Practically Joking

(Author)
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Product Details

Price
$29.94
Publisher
Utah State University Press
Publish Date
Pages
208
Dimensions
5.78 X 0.35 X 9.14 inches | 1.13 pounds
Language
English
Type
Paperback
EAN/UPC
9780874219838
BISAC Categories:

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About the Author

Moira Marsh is the subject librarian for anthropology, sociology, folklore, and comparative literature at the Indiana University Bloomington Libraries. She holds a PhD in folklore from Indiana University, and her research on practical jokes, cross-cultural approaches to laughter, and humor theory has been published in folklore journals, textbooks, and encyclopedias.

Reviews

"An exemplary study--brimming with frequently hilarious and occasionally harrowing examples--challenging received notions that practical jokes are invariably simple, crude, and cruel. Practically Joking is the definitive word on a vibrant, ubiquitous, complicated, and profoundly human phenomenon."
--James P. Leary, University of Wisconsin

"Much can be said about how practical jokes unspool society, forcing us to question the phenomenology of unlaughter and of jokes as praxis. Marsh provides a valuable platform to spark these discussions in a well-played volume."
--Journal of Folklore Research

"Though practical jokes may not be funny, Marsh examines them in the context of verbal jokes and humor theory in general, in so doing advancing understanding of the nature of both practical jokes and humor more broadly. . . . This is a valuable resource for anyone interested in humor and human nature."
--CHOICE

"Given the prejudices regarding the supposed social and cultural insignificance of the subject matter, it is that much more rewarding to be treated with Marsh's insightful, high-class research. An exquisitely compact yet accessibly composed read."
--Elore

"[A] detailed and expert overview of practical joking. . . .​ very valuable."
--European Journal of Humour Research

"Not only is the data geographically and temporally diverse, but the research that informs Marsh's approach to the data is also wide-ranging: folklore, psychology, humor theory, sociology, anthropology, etc. Grounded in accounts of practical jokes, the book shows that the genre and its peculiarities originate within relationships, reflecting the positions of jokers, butts, and audiences. . . . the book is of undoubted value."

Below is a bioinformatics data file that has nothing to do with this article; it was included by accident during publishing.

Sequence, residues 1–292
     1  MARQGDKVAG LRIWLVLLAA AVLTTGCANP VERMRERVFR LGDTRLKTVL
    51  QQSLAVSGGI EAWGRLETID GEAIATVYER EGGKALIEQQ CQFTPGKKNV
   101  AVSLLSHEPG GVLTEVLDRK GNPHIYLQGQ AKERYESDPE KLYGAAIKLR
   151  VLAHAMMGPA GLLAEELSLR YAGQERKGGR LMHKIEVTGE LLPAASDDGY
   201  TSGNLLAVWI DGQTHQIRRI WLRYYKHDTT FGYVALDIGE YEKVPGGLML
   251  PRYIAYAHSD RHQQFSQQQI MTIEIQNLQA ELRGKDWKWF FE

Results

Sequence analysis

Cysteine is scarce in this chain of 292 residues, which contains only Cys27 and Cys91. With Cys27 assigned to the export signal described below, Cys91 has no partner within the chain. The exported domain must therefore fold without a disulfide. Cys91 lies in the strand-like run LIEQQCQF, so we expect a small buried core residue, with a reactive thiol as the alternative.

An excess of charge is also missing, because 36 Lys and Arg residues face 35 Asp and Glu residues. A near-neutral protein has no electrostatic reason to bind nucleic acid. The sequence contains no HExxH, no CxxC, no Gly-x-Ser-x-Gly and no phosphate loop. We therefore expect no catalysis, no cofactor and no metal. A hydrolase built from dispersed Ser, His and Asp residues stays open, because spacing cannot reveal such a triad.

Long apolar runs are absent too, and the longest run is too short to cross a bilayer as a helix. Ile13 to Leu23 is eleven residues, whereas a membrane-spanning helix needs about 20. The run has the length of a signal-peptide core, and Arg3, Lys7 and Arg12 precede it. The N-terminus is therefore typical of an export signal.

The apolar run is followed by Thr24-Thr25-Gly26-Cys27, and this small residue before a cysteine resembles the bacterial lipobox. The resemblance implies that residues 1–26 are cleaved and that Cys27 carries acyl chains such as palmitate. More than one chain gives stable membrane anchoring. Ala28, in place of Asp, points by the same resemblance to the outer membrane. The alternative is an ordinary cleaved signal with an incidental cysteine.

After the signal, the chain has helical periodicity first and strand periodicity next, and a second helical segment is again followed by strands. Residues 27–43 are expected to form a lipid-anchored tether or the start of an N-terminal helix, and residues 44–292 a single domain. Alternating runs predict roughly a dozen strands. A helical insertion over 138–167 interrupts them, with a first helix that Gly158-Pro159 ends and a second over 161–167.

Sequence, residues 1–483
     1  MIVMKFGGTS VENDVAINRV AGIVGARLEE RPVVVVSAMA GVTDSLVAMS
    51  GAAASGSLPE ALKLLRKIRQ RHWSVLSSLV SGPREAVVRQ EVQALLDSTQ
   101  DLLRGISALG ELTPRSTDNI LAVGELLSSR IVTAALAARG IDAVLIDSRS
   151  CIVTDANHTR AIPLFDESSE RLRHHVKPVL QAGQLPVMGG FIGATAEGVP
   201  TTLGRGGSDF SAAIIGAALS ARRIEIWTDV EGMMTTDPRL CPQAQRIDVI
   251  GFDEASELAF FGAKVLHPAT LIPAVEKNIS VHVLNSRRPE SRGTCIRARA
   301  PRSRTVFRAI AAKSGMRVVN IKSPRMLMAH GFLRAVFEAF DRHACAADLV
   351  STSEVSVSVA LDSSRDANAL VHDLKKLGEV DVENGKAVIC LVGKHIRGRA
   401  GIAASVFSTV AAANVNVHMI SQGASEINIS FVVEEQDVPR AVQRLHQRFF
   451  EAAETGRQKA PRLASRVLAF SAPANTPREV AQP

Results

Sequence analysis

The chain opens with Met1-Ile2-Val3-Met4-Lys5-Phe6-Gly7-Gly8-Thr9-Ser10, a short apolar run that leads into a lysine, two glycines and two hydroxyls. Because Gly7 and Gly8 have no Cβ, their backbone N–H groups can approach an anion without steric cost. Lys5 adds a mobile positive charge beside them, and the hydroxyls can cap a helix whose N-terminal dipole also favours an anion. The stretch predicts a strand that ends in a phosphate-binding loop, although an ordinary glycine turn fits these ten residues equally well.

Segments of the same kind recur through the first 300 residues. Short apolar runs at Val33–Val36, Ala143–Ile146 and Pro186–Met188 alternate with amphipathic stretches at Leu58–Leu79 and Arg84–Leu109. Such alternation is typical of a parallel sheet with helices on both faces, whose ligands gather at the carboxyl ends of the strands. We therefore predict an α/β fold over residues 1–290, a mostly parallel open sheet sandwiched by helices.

--Western Folklore

"Marsh shows​ ​that the practical joke most certainly is a form of folk play, if not folk art, that demands serious​ ​study--not simply to defend it or to disparage it, but to understand the genre's role in culture, the​ ​psychology of the trickster, the feelings of the target, and the relations between the trickster and​ ​target. She has gone a long way in accomplishing these things, but her real contribution to the​ ​study of folklore, popular culture, and humour is the texts and contexts of a variety of practical​ ​jokes that she collected for around thirty years and put together in a single book.​"
--Folklore

"​[A] rousing success. Marsh convincingly argues that practical jokes are a rich subject of study that highlight, interrogate, and sometimes subvert subtle undercurrents in social life and public culture. . . . Practically Joking remains a substantial​ ​achievement that illuminates a previously​ ​understudied subject integral to the​ ​history of play and the study of humor."
--American Journal of Play

​"​
Marsh's close examination of various types of jokes (and specific examples) reveals a wealth of insight about the individuals, folk groups, and larger social groups involved. . . . Her analysis of the rhetoric of humor support also provides an interesting linkage between rhetoric and humor study; scholars in both fields would benefit from reviewing her work. As a whole, the book provides an excellent defense of the practical joke as a thoughtful and artful act that responds to and reinforces group dynamics​."
--​New Directions in Folklore


"In addition to being a natural contribution to both humor studies and folklore scholarship, this book should also find a place in the conversation on aesthetics."
--Journal of American Folklore